June 20, 2005

a few reviews, from Dorothy

A coworker commented today that I look "just like Dorothy". The hell of it is, she's right (MGM version, not the original illustrator). I hadn't realized quite how reminiscent of Judy Garland's pinafore this dress (blue plaid, sleeveless, calf-length, slightly high-waisted) really is, nor that I really shouldn't wear it with my brown hair parted in the middle and pulled up and back on both sides. Oops. At least I'm not wearing actual ponytails or hair ribbons.

I've been reading quite a few things recommended by various people I read on the web lately; they've ranged from OK to mindblowing. Here are few quick opinions. All of these are in print, available at your friendly internet bookstore.

Wild Life, by Molly Gloss. I'm not sure where I read about this one, but it was in someone's list of favorites and someone else had commented that they'd loved the book and had never met anyone else who'd read it. I didn't love it. It had interesting ideas, but strikes me as a partially but not totally successful experiment. The vignettes of other characters' lives seemed gratuitous, mostly. Charlotte's actions were generally not consistent with her man-hating principles, though that may have been deliberate. And one particularly annoying thing was that if you carefully watched the dates of the other interspersed writings, they didn't seem tro show much change in Charlotte from what should have been (or why write about it?) a life-altering experience. I'll probably read it again, someday, but not often.

Hammered, by Elizabeth Bear, lauded by practically everyone who comments on Bear's blog. Wow. It took me a while to get to this, just because it's harder-edged than most of what I've been reading and I needed to get in the proper mind set. It was a much faster read than I had expected and very worth the reading. I did have to pay close attention. I found myself loving the characters not because they were sweet and likeable but mostly because they weren't (except Gabe, who is, but can be rughtless when necessary - and the subject for a great line - "it's hard to miss that aspect of a man who is willing to blow off your arm to save your life, on your first meeting" (quoting from memory)). I am fascinated to see what happens further between Gabe and Ellie and Jenny, because it's a sort of thing I see more and more in real life and very rarely in fiction. I have only two minor quibbles: I'm frustrated that I'll have to wait for the sequel to find out what happens to Leah - most of the other plot threads were drawn together up just enough to make this book end satisfactorily but leave plenty of room for the next book. And Alberta Hunter isn't developed enough as a character to seem to need to be present in the book, except to enable Valens to be not totally evil. But those are minor. I recommended this book to Rudder, who doesn't read much SF but who likes complicated political thrillers, because I think it will be complicated enough for him and better than Clancy and some of the other stuff he reads.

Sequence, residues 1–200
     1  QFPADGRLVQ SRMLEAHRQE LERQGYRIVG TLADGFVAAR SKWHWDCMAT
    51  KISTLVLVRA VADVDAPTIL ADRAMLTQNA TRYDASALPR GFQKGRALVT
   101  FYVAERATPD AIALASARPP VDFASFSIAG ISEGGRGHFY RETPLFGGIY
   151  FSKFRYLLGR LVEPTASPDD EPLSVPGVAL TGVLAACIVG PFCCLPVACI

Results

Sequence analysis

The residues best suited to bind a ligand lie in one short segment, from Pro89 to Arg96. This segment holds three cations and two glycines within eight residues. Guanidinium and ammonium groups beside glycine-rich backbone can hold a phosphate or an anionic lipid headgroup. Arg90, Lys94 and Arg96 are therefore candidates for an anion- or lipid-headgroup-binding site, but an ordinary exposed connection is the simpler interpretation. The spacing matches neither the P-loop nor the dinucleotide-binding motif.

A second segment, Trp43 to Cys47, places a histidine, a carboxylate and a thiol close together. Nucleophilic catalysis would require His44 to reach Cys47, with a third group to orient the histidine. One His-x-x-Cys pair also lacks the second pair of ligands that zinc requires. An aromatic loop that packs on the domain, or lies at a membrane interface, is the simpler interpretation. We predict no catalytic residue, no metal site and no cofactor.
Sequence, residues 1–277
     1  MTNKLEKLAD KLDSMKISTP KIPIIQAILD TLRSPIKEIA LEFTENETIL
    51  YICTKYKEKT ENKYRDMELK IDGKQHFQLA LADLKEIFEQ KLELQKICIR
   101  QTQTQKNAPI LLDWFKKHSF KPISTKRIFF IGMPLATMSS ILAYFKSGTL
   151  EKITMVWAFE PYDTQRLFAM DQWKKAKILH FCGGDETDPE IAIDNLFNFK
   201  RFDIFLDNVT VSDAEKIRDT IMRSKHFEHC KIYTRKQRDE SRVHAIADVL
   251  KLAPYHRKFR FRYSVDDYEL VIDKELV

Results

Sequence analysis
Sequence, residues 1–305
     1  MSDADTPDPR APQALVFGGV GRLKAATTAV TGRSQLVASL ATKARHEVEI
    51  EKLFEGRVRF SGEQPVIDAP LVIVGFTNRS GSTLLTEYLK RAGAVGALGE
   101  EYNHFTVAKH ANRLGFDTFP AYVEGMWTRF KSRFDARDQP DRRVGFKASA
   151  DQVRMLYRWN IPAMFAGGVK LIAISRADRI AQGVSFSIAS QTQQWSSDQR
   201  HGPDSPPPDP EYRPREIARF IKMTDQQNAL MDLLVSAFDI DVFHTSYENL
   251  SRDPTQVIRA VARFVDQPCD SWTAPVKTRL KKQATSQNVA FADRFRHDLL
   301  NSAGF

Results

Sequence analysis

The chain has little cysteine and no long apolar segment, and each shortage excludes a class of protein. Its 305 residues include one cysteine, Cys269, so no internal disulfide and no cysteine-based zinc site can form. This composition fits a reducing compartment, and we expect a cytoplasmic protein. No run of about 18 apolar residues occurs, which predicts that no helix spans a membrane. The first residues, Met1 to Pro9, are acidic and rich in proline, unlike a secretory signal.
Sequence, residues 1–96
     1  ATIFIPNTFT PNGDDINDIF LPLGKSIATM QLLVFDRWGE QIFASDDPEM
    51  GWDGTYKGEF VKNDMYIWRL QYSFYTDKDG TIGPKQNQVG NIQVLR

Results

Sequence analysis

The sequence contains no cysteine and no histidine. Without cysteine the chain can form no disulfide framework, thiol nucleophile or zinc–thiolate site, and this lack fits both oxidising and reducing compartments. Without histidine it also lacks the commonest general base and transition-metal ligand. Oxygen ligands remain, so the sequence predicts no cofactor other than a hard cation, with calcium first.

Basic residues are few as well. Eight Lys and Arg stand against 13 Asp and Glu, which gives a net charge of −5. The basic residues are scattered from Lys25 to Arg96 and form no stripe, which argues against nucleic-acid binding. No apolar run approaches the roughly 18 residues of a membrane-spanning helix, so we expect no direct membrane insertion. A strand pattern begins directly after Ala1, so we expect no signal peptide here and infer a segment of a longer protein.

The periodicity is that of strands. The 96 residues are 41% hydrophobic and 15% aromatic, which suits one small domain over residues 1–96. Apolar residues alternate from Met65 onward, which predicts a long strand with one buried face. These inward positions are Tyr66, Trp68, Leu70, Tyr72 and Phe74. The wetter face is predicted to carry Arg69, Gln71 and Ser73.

When I Was Older, by Garret Freyman-Weyr: I got this one based on Mrissa's review, and I agree with her comments. There is some L'Engle in it (Vicky Austin, specifically) and also maybe some Norma Johnston. I'd have loved it even more at 14, but I'm glad I've read it now, anyway, and it's perfect for a girl geek. How can you not love a book whose main character thinks, in all seriousness, "Apparently I like kissing more than doing math homework. Who knew?" (Note to Swooop: might be very good for Herself.)

Jew in the Lotus, by Roger Kamenetz: Recommended by Rachel. Mind-blowing in a different way than any of the books above. It's about the visit of a delegation of Jews from across a fairly wide spectrum to the Dalai Lama in Dharamsala. I'm not done reading it yet. It's teaching me more about Judaism than about Buddhism, including some of the principles of Kabbalah in an authentic, nontrendy - and how that fits into mainstream Judaism. It addresses some of the same concerns about assimilation as Anne Roiphe's Generation Without Memory, but by contrasting Judaism to Buddhism and examining some of the people who are in a spectrum between the two ("JuBus") comes closer to finding some answers. It's also making me grateful that somehow, between Hebrew School and in my own reading, I've come to a better understanding ("better" in my mind, anyway) of what Judaism is and what it is for than a lot of young Jews get, as witness Kamenetz's state of Jewish knowledge going into the book or some of the JuBus' accounts of their Jewish religious training or lack thereof. It's also clear that Kamenetz himself learned a lot during the events he writes of, and the book makes it possible to ride on his shoulders through that process.

Posted by dichroic at June 20, 2005 01:21 PM

Actually, I think my daughter HAS read that book--it certainly sounds familiar.

If you're looking for something lightweight and fun, try Kim Harrison's Dead Witch Walking. Starts a little slow, but it's good fun.

Posted by: Swoop at June 21, 2005 09:41 PM

Really glad you're digging "The Jew in the Lotus" so much. :-) I really think it's a fantastic book, for a variety of reasons...

Posted by: Rachel at June 27, 2005 04:09 PM
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